December 27, 2020
By John L. Allen Jr.
In Sir Arthur Conan Doyle’s 1892 Sherlock Holmes short story “Silver Blaze,” about the disappearance of a celebrated racehorse and the murder of its trainer, the following exchange occurs.
Scotland Yard detective: “Is there any other point to which you would wish to draw my attention?”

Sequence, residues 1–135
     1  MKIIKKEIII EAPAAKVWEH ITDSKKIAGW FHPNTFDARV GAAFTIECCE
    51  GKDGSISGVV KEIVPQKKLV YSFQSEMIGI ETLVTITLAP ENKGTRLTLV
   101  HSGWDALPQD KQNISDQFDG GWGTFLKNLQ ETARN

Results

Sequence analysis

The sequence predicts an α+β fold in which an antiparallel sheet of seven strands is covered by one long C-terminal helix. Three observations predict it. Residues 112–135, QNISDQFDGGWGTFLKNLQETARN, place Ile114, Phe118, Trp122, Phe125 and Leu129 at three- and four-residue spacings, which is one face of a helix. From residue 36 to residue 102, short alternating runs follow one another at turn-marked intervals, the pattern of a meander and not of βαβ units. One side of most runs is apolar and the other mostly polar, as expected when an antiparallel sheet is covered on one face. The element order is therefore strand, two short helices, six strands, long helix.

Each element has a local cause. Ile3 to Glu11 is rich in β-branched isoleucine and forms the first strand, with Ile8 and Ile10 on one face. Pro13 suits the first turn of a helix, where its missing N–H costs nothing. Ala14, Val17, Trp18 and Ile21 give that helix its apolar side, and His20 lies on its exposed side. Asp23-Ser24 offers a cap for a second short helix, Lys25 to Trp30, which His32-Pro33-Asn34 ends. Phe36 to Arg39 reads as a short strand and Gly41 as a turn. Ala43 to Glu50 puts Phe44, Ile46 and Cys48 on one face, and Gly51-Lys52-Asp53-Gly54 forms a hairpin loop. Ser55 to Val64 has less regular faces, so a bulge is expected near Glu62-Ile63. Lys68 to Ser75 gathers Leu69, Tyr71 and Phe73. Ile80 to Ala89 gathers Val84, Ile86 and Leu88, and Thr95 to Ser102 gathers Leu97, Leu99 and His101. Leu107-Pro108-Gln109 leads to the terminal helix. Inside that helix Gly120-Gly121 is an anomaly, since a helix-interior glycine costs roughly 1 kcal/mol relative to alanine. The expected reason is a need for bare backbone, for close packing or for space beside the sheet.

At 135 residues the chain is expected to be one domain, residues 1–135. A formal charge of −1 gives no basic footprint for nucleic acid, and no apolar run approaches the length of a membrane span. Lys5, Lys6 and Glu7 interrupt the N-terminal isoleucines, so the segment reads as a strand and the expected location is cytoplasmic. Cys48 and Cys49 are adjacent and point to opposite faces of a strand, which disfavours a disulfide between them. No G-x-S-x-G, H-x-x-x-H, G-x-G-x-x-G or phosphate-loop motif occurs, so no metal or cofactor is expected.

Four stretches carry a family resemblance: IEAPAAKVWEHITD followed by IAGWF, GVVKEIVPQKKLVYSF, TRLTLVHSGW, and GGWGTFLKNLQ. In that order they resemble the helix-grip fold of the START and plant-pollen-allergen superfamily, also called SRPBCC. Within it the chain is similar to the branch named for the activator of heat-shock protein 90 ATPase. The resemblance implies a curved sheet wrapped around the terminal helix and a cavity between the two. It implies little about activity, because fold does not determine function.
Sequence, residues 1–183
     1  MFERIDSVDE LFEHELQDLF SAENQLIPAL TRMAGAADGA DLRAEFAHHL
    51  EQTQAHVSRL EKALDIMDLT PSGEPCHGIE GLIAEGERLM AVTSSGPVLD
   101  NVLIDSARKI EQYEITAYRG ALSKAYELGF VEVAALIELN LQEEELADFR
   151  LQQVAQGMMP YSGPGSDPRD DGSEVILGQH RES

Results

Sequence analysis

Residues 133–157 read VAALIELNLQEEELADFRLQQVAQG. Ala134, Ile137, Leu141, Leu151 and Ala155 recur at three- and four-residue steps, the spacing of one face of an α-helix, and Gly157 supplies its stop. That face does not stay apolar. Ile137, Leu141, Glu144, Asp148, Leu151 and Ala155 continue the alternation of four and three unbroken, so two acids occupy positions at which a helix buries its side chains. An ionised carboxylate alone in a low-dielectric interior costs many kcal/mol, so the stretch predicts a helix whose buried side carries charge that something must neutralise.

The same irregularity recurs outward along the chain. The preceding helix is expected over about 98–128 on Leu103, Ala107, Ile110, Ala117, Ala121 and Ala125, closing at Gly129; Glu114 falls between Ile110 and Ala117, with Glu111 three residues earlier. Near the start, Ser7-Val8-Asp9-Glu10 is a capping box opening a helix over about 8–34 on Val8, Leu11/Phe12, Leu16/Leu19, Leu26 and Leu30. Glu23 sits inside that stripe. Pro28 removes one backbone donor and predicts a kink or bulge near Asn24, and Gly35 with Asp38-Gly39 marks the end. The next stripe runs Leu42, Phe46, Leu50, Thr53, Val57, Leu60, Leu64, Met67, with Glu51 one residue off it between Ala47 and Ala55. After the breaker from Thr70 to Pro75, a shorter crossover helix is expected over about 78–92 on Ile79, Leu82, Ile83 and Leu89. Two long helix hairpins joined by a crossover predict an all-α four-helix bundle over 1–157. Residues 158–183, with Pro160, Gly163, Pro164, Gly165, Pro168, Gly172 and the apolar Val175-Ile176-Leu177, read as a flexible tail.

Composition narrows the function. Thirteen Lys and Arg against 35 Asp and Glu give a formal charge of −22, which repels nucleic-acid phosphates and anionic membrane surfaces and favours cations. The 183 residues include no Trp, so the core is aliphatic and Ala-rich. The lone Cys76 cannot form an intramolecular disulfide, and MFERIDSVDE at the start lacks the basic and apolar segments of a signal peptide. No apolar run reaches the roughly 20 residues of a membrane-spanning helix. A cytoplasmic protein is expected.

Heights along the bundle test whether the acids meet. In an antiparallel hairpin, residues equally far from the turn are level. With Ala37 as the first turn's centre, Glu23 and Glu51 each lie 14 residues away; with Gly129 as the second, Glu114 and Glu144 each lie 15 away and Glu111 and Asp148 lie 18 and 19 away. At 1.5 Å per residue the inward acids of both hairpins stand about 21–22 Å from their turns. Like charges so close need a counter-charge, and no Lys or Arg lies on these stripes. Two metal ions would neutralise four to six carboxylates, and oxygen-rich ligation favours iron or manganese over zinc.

Holmes: “To the curious incident of the dog in the night-time.”
Gregory: “The dog did nothing in the night-time.”
Holmes: “That was the curious incident.”
Holmes’ point was that no witness at the stables had said anything about hearing the guard dog barking, suggesting whoever stole the horse was well known to the dog and wouldn’t cause him to get worked up – in other words, it had to be an inside job.
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